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Mitigating Risk with Insurance

Taking advantage of the tools that ensure continuity and resilience for the long term.

J. Paul Dittmann, Ph.D. | University of Tennessee

Last of a five-part series

Click here to view PDF.

Click here to view PDF.

During the past few weeks, I’ve shared some insights from my recent research at the University of Tennessee on common risk management practices to identify, prioritize and mitigate supply chain risk.

Among the research findings, it was surprising to learn that insurance is simply not on the radar screen of supply chain professionals as a risk mitigation approach. Yet, when we discussed the usefulness of insurance with them in interviews, they quickly realized they missed a highly effective tool.

For this reason, today’s post will focus on the benefits of insurance and how it may be implemented, as we feel this is a significant missed opportunity for supply chain professionals.

Using Insurance to Mitigate Risk
Many supply chain professionals we talked to mentioned that they use carrier liability programs, thinking this is insurance. It is not.

Carrier liability programs often cover only transportation costs and rarely cover the full value of the lost or damaged items. If you’re shipping goods that are time- or temperature-sensitive or high-value, you are at greater risk of financial loss if the goods are delayed, lost or damaged.

Fortunately, there are insurance programs available for both parcels and cargo, regardless of the transportation mode or carrier used.

These programs go well beyond standard carrier liability limits. They can cover your high-value, time-sensitive and temperature-sensitive goods and other hard-to-value items up to the retail value if things in the supply chain go awry.

It’s important to understand that a licensed insurance provider is willing and eager to share best practices and has a vested interest in avoiding losses. They can be key partners in working with firms to minimize the financial effects of both daily supply chain risks and catastrophic disruptions. They regularly see the best and worst of supply chain practices and need to be on the winning side of mitigating risks for their clients – and their own bottom lines.

UofT Risk Management study image

Click to download Managing Risk study

While some of the mitigation tactics discussed in my last post should certainly be applied, insurance is often a good idea to fill the gaps you identify in your supply chain risk mitigation plan.

Firms need to work with licensed insurance providers and create a plan to use insurance to mitigate risk where appropriate, based on an objective cost-benefit analysis. Mapping your supply chain and its risks should help you determine places where it makes sense to implement insurance.

To better demonstrate when insurance may be appropriate, take into consideration the example below:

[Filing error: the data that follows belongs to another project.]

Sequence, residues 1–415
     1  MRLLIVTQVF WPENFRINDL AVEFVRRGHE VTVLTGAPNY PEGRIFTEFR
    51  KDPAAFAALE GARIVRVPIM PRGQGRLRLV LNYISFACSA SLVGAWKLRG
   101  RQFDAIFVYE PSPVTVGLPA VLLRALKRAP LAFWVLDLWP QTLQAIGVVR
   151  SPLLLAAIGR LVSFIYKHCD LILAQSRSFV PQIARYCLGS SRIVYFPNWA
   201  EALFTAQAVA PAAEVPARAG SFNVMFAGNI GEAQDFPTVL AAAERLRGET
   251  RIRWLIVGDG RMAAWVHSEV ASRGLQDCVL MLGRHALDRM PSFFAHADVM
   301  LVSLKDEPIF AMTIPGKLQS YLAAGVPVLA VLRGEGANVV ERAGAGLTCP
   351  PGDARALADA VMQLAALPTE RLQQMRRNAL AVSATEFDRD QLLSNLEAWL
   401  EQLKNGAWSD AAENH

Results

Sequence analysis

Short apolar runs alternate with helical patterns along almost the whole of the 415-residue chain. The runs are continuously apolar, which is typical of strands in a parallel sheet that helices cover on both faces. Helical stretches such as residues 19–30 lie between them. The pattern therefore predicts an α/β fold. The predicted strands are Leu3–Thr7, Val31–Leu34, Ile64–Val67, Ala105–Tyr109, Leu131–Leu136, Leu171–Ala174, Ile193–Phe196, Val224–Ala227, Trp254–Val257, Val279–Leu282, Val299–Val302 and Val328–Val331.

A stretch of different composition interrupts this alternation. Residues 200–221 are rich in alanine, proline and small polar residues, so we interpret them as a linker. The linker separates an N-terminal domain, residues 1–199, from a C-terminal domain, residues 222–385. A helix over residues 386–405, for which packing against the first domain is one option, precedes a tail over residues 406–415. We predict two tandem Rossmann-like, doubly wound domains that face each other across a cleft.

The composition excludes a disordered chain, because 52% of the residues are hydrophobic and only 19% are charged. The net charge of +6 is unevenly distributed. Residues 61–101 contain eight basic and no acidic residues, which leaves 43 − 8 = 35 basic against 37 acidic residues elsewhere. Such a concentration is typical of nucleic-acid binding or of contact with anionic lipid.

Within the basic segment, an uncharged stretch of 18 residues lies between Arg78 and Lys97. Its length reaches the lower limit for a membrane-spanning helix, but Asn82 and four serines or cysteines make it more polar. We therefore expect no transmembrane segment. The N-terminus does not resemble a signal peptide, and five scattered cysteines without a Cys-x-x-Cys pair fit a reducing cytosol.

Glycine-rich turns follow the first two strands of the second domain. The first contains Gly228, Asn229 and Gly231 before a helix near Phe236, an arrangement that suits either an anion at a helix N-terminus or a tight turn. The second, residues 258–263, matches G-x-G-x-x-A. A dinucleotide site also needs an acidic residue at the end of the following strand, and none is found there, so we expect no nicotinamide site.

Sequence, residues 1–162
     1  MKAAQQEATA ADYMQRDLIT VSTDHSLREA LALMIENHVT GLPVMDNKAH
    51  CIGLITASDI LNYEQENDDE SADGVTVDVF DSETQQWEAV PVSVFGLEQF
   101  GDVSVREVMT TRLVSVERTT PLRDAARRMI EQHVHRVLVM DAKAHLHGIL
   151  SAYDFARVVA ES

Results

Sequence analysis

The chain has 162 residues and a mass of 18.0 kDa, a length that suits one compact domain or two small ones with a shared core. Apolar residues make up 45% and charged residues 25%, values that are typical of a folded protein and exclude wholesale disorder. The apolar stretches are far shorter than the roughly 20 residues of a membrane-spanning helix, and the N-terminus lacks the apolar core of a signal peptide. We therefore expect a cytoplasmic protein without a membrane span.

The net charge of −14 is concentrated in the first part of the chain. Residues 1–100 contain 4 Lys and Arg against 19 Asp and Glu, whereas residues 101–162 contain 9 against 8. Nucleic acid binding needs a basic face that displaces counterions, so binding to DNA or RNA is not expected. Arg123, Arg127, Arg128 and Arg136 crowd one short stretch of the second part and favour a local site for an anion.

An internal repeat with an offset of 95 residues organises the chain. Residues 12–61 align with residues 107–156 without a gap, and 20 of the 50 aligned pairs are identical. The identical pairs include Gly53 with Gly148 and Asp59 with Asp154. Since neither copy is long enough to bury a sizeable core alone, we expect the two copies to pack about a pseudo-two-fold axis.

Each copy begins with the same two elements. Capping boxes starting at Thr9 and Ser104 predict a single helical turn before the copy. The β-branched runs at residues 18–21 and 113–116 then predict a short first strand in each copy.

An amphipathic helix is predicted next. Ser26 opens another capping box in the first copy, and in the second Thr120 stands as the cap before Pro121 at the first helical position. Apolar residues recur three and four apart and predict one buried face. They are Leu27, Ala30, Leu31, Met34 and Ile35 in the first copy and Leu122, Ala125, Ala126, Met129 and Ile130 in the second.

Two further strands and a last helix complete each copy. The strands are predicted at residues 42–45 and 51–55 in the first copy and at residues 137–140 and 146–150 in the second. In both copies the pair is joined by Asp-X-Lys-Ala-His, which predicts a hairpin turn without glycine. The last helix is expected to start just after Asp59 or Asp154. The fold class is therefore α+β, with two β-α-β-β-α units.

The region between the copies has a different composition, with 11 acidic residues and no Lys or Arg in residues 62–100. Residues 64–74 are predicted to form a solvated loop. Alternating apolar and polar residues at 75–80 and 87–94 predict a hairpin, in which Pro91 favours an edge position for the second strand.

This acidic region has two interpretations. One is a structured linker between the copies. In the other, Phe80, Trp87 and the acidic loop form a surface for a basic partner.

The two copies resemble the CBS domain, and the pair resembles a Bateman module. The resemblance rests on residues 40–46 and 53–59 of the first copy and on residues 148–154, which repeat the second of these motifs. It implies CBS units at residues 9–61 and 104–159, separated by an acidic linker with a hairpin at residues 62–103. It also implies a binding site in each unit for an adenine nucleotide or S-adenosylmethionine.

• UPS Capital customer Accuratime uses Flexible Parcel Insurance through the UPS Capital Jeweler’s Elite Program, which is specially designed to provide the security that high-value items like jewelry require. Accuratime’s high-value shipments move through the UPS network for reliable delivery, and the included insurance coverage cost-effectively protects shipments.

Pairing operation-based mitigation tactics with financial-based mitigation like insurance can create a well-balanced plan to protect your company’s supply chain and bottom line.

What’s more, implementing insurance as a risk mitigation tool may require the least operational change out of all mitigation techniques.

Recap of the Risk Management Process
As this is the last post in my series on supply chain risk, I’d like to briefly recap the steps of risk mitigation. To manage supply chain risk in your company, you will have to develop a process to do three things:

  • identify
  • prioritize
  • and mitigate risk.

Leading companies develop processes that execute these steps consistently and persistently over time.

Risk management must be an ongoing process, as risks identified and mitigated today can quickly become obsolete tomorrow. Supply chain professionals cannot afford to delay fortifying their supply chains against risks. They must take advantage of the information and tools available now to ensure continuity and resilience for the long-term. goldbrown2

Dittman’s white paper, Managing Risk in the Global Supply Chain, can be downloaded here.

 

JPD3
J. Paul Dittmann, Ph.D. is the Executive Director of the Global Supply Chain Institute at the University of Tennessee. Dittmann comes to the University of Tennessee after a 30-year career in industry. He has held positions such as vice president, logistics for North America; vice president global logistics systems; and most recently served as vice president, supply chain strategy, projects, and systems for the Whirlpool Corporation.

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